Alternatives to traditional resolutions
In the meantime, here are some ways you can make good use of your deep-rooted urge to get a fresh start on January 1. We’ve included tips on how to keep them effective all year long.
- Pick a word of the year. Popularized by people like life coach Christine Kane, the Word of the Year is a word or phrase (or a few words—it’s up to you!) that feels inspiring or empowering to you and captures something about your hopes and intentions for the year. It could be a concept like “Compassion” or “Joy”, or something tangible like “Home” or “Degree”. Pick something that gives you a strong, positive emotional reaction, and then put it in places where you’ll see it all the time. You could have it put on jewelry or a shirt, make art out of it and hang it by your desk, find or make a calendar themed around that word, create a playlist of songs for it, make a vision board for it—get as creative as you want, or keep it really simple if you prefer. Do with it what excites you and don’t overwhelm yourself.
- Plan a treat each month. Doing things that feel exciting and fun are a way to add something juicy to your life instead of taking something away from yourself. Think about something that would be a real joy for you to do each month: maybe it’s a little adventure like visiting a new restaurant or shop in your home city, maybe it’s picking a new book to read, maybe it’s cooking a new-to-you dish. Put an appointment in your calendar early every month to remind you to pick out your treat– and if it starts to feel like work? Just stop doing it!
- Make love, not war (on yourself). January is blah, gray, (often) cold, and kind of boring. What better time to liven it up with some sexploration? Treat yourself to a new sex toy, a book of erotica, or a how-to book or video about something you’ve always wanted to try. Take an adult sex ed class (yes, there are plenty online!) If you have a partner or more than one, propose some sex dates or cuddle/touch dates. Explore areas of your sexuality that haven’t fully bloomed yet. Take time to masturbate and really explore your own body, to learn better what you like. At the end of January, decide how much of it you’d like to spill over into February, and the same for February into March, and so on. Since you’re not committing to it long-term right away, it’s okay if you feel like you want to focus on other things after this month.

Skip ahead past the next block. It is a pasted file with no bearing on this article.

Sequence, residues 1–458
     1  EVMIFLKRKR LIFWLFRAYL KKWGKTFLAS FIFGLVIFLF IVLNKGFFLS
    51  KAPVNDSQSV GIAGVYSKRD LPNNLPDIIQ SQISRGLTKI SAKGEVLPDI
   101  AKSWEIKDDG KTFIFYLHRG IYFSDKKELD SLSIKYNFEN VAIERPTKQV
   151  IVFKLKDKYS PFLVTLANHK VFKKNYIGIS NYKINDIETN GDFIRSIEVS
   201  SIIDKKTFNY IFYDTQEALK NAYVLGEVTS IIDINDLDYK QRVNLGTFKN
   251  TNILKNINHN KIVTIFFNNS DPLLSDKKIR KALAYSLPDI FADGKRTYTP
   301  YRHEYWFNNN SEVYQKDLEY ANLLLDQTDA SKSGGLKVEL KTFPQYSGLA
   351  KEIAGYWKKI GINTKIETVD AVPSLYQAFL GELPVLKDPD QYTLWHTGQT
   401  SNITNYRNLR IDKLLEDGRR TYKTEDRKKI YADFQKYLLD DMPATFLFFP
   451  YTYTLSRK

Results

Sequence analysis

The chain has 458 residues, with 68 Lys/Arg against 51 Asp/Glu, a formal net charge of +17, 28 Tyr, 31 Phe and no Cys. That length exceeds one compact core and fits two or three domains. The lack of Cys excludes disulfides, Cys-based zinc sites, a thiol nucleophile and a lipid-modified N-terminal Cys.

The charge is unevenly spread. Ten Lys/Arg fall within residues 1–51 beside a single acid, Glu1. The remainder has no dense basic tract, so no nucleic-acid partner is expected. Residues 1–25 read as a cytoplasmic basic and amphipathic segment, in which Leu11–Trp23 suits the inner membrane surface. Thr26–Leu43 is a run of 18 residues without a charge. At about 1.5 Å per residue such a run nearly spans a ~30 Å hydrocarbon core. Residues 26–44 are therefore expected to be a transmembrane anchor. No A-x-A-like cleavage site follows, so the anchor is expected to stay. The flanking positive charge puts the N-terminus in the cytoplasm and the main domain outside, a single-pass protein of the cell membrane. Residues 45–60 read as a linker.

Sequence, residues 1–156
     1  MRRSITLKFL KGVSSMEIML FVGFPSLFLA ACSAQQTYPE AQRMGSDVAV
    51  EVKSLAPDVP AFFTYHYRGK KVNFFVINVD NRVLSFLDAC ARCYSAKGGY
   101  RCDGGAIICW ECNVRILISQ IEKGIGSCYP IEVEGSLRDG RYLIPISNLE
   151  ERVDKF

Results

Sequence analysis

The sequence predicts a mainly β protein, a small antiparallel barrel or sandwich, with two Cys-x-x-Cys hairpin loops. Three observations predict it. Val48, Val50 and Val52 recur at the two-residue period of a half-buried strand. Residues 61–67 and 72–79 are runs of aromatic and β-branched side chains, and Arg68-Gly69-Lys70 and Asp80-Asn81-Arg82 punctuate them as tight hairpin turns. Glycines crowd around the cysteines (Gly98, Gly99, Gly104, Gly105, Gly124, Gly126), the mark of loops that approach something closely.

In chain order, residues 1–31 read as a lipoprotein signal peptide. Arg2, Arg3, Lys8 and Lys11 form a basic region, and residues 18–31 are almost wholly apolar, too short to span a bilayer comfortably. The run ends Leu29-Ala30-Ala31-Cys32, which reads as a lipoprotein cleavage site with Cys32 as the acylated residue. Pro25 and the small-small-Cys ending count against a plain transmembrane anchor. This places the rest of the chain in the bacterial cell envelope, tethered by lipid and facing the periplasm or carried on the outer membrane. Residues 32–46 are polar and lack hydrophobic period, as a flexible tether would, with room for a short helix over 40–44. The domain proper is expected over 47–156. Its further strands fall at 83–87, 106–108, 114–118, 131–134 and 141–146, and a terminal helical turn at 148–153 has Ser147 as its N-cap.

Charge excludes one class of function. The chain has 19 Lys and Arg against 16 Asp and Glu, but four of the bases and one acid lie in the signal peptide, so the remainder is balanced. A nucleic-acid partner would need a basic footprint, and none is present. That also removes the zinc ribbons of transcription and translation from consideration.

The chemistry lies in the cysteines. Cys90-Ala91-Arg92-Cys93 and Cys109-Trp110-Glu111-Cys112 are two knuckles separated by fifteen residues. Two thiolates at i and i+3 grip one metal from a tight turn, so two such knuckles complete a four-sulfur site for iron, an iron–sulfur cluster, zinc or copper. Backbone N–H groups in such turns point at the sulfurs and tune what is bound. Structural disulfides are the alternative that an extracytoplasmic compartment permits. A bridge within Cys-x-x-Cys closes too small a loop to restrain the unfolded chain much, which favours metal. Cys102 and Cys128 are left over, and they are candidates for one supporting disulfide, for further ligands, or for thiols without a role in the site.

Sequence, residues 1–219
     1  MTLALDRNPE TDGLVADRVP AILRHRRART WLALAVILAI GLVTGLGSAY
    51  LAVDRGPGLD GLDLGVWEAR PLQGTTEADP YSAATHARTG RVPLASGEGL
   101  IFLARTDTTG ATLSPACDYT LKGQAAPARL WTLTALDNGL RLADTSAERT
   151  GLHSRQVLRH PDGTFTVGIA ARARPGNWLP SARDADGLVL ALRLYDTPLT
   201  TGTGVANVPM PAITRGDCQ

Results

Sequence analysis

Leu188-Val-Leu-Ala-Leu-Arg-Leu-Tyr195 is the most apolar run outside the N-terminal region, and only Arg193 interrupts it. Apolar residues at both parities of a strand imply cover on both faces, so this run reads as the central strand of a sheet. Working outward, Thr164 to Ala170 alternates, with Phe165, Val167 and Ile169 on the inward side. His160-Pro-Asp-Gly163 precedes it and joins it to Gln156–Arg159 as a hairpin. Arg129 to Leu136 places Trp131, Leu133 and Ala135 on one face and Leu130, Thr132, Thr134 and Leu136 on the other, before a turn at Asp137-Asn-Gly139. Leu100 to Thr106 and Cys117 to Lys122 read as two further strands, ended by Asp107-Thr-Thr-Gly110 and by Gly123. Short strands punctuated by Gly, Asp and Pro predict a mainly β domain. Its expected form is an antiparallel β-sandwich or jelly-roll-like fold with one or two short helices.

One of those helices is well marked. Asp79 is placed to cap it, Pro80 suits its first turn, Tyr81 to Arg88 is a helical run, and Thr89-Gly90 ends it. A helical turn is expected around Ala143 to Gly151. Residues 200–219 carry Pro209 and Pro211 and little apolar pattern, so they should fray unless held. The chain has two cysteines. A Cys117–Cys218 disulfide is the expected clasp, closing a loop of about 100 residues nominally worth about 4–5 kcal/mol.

- Lean in to being “lazy”. Here’s a secret: We don’t really think that laziness is a thing. We believe that what most people consider lazy is much more likely to be burnout, overwhelm, depression, or executive dysfunction. Regardless of the reason, it’s not helping anything if we’re beating ourselves up about how we should be less lazy and do more. Instead, defy society’s demands that you make huge changes this month, and absolutely wallow in “laziness” whenever you can. Obviously, you can’t blow everything off—kids still need care and you probably don’t want to get fired (or do you?)—but all the times when you’d find yourself slumped on the couch trying to get up the energy to do something, instead just enjoy being a potato. Let a few chores pile up. Sleep late on your days off, or go to bed ridiculously early. When people ask what your resolutions are, tell them it’s to be as lazy as possible and enjoy their reactions. If you’re feeling suspicious about whether this can possibly be good for you, check out Laziness Does Not Exist by Devon Price and see why this might be the healthiest choice you can make right now.
If there’s one thing you take away from this post, let it be this: Our culture pushes us to always believe that we’re not enough, that our worth comes from the labor we produce or from our achievements, that we are inherently flawed and owe it to the world to work hard to fix ourselves. We propose that you are enough, that it’s your worth that’s inherent, and that you have the right to hop off the hamster wheel this January and simply be.
Looking for a place to start to explore your sexual wellness? Sign up for our mailing list and get our free download, “5 Simple Ways to Level Up Your Sexual Wellness”, followed by your weekly dose of mental health self-care. If 2022 is your year to start therapy in DC, Maryland, or Virginia, take a look at our services.